S3 Table. Summary table of analysis of molecular variance (AMOVA) describing the partitioning of genetic variation for six Panulirus ornatus populations in the original dataset and after correction based on 10 microsatellite loci.

http://dx.doi.org/10.5061/dryad.sp418/4.

https://doi.org/10.1371/journal.pone.0124568.s003

(DOCX)

S4 Table. Genetic differentiation between Panulirus ornatus from collection locations using pairwise FST for microsatellite loci in original dataset (lower value) and after correction (upper value).

No significant value was found after correction using FDR. http://dx.doi.org/10.5061/dryad.sp418/5.

https://doi.org/10.1371/journal.pone.0124568.s004

(DOCX)

Acknowledgments

We acknowledge the Australian Institute of Marine Science, Australian Centre for International Agricultural Research (ACIAR) and Bayu Priyambodo for providing tissue samples and fieldwork opportunities. Dr. Farshid Daryabor at the National University of Malaysia provided data on the seasonal fluctuations of the surface water circulation in the South China Sea. The wind data for Vietnam coastal waters were provided by Dr. Nguyen Huu Nhan from the Institute for Coastal and Offshore Engineering of Vietnam. We also thank Dave Jones and Erica Todd who provided invaluable advice and support.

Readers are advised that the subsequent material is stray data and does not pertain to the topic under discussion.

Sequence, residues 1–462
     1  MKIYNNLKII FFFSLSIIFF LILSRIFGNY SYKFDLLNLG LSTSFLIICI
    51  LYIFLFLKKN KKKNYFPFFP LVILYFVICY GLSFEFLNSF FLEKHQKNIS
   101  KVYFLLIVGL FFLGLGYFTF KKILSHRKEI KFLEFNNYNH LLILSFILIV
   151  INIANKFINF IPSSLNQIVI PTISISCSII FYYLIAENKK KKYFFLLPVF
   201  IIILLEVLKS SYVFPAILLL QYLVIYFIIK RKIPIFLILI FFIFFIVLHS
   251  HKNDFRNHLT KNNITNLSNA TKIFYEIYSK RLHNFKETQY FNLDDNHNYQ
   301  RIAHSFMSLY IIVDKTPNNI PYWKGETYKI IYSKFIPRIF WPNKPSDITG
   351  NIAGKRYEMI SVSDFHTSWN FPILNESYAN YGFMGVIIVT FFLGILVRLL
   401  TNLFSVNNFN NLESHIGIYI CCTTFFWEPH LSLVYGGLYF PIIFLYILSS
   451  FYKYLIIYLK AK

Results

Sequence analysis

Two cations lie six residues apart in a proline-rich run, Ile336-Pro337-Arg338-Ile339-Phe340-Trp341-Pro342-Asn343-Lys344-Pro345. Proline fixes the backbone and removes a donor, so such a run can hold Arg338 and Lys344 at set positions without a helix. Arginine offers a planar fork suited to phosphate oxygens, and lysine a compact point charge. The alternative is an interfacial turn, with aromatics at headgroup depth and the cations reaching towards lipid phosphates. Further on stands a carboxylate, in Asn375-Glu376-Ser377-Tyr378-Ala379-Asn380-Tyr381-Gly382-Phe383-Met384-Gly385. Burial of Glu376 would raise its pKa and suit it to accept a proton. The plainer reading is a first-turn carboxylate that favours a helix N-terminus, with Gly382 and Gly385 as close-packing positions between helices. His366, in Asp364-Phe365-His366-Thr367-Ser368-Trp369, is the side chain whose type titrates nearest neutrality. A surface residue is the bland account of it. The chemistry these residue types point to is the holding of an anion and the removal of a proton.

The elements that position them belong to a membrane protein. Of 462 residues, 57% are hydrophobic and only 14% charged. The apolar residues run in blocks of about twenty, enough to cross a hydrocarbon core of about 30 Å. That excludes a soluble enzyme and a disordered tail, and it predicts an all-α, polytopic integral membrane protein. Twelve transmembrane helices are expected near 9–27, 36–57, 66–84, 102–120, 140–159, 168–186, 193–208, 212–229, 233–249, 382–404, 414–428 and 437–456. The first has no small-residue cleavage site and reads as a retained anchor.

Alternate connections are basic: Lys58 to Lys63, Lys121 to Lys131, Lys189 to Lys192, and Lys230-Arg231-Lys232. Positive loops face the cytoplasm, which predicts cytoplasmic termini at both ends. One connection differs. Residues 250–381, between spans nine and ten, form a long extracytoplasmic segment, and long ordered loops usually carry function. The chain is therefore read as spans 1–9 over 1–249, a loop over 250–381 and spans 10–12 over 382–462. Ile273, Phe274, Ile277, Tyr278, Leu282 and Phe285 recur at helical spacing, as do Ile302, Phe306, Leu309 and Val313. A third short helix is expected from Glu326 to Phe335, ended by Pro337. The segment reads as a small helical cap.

Author Contributions

Conceived and designed the experiments: HTD CSK EW DRJ. Performed the experiments: HTD. Analyzed the data: HTD. Contributed reagents/materials/analysis tools: CSK CMJ EW DRJ. Wrote the paper: HTD CSK EW CMJ DRJ.